Bookmarks Issue: 
James Sallis

A-DriveA stunt driver for Hollywood films by day and a getaway driver by night, the aptly named Driver finds himself in a bind when a bank robbery goes wrong—another car, gunshots, a bag of dough that isn’t his. And somebody wants it back. Double-crossed, Driver lands in a sleazy Motel 6 just north of Phoenix with three blood-soaked corpses. Trouble is, he was supposed to die, too. To stay alive, he must embark on an unyielding quest for revenge—and remain outside the law.
Poisoned Pen Press. 158 pages. $19.95. ISBN: 1590581814

Entertainment Weekly 4.5 of 5 Stars
"Sallis’s riveting novella reads the way a Tarantino or Soderbergh neo-noir plays, artfully weaving through Driver’s haunted memory and fueled by confident storytelling and keen observations about moviemaking, low-life living, and, yes, driving. Short and not so sweet, Drive is one lean, mean, masterful machine." Jeff Jensen

NY Times Book Review 4.5 of 5 Stars
"James Sallis has written a perfect piece of noir fiction. … This master stylist uses a cinematic idiom of jump-cut, nonsequential scenes to focus on those hollowed-out moments when a man’s moral landscape suddenly shifts and he’s plunged into darkness." Marilyn Stasio

Boston Globe 4 of 5 Stars
"In his latest crime novel, James Sallis has combined the plot of a pulp novel from the ‘40s with the atmosphere of a French film noir into one stark and stunning tale. … For those who have not yet had to chance to read one of crime fiction’s most underappreciated writers, now is the perfect opportunity." David J. Montgomery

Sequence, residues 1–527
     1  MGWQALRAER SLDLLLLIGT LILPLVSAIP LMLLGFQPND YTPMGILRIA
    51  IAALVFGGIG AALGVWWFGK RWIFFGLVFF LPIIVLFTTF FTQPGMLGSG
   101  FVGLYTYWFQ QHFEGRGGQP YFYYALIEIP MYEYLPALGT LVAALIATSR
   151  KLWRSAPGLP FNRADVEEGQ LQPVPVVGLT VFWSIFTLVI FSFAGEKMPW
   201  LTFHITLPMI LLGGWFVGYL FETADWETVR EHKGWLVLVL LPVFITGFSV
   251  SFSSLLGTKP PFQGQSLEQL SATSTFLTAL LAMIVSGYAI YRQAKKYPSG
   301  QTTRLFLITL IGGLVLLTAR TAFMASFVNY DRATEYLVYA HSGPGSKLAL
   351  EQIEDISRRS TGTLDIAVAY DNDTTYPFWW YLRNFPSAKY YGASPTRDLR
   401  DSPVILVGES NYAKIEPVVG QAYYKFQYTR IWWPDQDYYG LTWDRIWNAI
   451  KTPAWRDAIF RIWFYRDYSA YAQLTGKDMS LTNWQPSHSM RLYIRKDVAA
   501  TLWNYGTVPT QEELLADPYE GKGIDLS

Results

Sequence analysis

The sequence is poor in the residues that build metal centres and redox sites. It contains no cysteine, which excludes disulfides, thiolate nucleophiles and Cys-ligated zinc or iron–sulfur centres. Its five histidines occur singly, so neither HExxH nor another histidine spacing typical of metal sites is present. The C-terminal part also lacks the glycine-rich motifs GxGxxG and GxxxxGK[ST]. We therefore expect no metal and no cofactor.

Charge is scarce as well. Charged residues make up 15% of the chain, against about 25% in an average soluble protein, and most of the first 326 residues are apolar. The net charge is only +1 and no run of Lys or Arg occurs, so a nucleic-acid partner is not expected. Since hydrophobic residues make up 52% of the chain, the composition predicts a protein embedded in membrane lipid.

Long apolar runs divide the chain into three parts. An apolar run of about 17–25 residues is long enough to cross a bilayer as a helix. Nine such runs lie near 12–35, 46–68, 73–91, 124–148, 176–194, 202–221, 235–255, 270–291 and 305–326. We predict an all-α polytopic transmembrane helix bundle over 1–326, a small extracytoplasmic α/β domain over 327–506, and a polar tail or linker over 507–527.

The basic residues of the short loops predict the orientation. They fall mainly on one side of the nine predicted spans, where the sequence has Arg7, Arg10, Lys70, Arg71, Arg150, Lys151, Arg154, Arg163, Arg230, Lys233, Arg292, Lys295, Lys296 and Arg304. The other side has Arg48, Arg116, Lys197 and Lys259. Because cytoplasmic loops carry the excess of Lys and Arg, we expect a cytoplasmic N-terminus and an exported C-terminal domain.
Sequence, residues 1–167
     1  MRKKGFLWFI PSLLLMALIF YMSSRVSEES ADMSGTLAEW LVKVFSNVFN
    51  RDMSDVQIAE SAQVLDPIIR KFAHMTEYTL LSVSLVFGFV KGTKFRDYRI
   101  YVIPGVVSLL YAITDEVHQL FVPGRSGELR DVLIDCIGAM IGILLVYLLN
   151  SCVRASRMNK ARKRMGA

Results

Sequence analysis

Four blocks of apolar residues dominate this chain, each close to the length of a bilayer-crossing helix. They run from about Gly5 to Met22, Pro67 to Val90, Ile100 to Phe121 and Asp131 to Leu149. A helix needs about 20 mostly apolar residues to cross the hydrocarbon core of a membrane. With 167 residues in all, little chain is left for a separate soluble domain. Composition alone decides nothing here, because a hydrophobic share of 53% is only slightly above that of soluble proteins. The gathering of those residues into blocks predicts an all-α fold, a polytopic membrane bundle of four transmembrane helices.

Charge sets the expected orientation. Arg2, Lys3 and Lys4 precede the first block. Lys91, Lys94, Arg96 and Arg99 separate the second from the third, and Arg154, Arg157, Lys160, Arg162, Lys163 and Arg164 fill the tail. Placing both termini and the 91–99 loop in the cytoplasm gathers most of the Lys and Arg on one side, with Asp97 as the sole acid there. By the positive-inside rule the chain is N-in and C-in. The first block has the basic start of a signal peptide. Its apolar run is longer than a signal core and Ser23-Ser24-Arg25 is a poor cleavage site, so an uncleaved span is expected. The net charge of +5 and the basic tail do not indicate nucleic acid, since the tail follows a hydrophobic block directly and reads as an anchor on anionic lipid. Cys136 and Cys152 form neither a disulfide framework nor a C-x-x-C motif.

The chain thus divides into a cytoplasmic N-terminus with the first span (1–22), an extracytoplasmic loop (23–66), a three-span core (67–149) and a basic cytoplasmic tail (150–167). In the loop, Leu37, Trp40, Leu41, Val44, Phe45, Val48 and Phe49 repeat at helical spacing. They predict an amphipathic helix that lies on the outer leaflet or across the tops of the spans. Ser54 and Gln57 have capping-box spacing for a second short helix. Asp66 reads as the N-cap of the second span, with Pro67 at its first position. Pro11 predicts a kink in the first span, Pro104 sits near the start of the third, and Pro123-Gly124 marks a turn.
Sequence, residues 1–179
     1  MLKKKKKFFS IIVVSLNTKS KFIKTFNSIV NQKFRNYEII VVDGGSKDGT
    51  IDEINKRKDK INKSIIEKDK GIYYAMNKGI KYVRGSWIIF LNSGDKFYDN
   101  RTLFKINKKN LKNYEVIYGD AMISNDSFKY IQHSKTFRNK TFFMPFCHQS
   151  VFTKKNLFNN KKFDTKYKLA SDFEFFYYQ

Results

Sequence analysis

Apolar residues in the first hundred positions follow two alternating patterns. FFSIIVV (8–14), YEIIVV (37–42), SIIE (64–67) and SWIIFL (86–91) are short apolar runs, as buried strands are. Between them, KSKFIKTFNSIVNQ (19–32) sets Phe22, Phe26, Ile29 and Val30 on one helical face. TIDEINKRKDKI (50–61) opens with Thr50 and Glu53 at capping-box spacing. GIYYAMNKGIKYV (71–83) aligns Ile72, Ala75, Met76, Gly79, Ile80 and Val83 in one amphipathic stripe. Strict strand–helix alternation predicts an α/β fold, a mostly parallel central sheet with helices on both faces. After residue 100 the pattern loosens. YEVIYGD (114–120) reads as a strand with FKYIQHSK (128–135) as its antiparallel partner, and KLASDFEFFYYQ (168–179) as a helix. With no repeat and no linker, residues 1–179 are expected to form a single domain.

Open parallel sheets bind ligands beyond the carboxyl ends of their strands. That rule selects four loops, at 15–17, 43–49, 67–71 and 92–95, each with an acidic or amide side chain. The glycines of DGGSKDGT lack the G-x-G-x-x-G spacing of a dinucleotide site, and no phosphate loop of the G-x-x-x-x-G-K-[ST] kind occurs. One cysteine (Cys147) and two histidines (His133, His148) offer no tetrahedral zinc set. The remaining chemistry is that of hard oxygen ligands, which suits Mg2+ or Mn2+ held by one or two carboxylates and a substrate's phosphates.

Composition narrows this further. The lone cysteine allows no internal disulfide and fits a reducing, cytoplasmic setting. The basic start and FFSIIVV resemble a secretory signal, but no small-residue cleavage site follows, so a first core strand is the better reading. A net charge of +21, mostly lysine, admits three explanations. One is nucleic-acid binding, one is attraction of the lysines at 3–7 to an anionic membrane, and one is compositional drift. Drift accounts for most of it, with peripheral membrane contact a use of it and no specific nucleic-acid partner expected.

Knight Ridder Tribune 4 of 5 Stars
"Sallis remains a cult writer whose works may not have the same mass appeal of more commercial authors, but who is an infinitely more intelligent writer. … Sallis says all he needs to—and more—in just 158 pages." Oline H. Cogdill

Tampa Tribune 4 of 5 Stars
"Mesmerizing, amoral protagonists have peopled modern novels for some time, but refinement of such characters has taken on new dimensions. … Drive is a dark, poetic action tale that can’t help but draw comparison to noir books of the ‘40s and ‘50s." H. P. Albarelli

Critical Summary

Critics agree that James Sallis, author of the Lew Griffin mystery series, "may be one of the best mystery writers that most readers have never heard of" (Knight Ridder Tribune). In Drive, he combines murder, treachery, and payback in a sinister plot resembling 1940s pulp fiction and film noir. Told through a complex, cinematic narrative that weaves back and forth through time and place, the story explores Driver’s near-existential moral foundations while revisiting its root cause: his hardscrabble, troubled childhood. Dark and gripping, Drive packs a powerful punch.

Also by the Author

The Long-Legged Fly (1992): The first in the Lew Griffin series. Sallis chronicles four missing-persons cases in the career of black New Orleans detective Lew Griffin, each set in a different year: 1964, 1970, 1984, and 1990. There is no grand connection between the cases, but together they reveal much about Griffin’s character.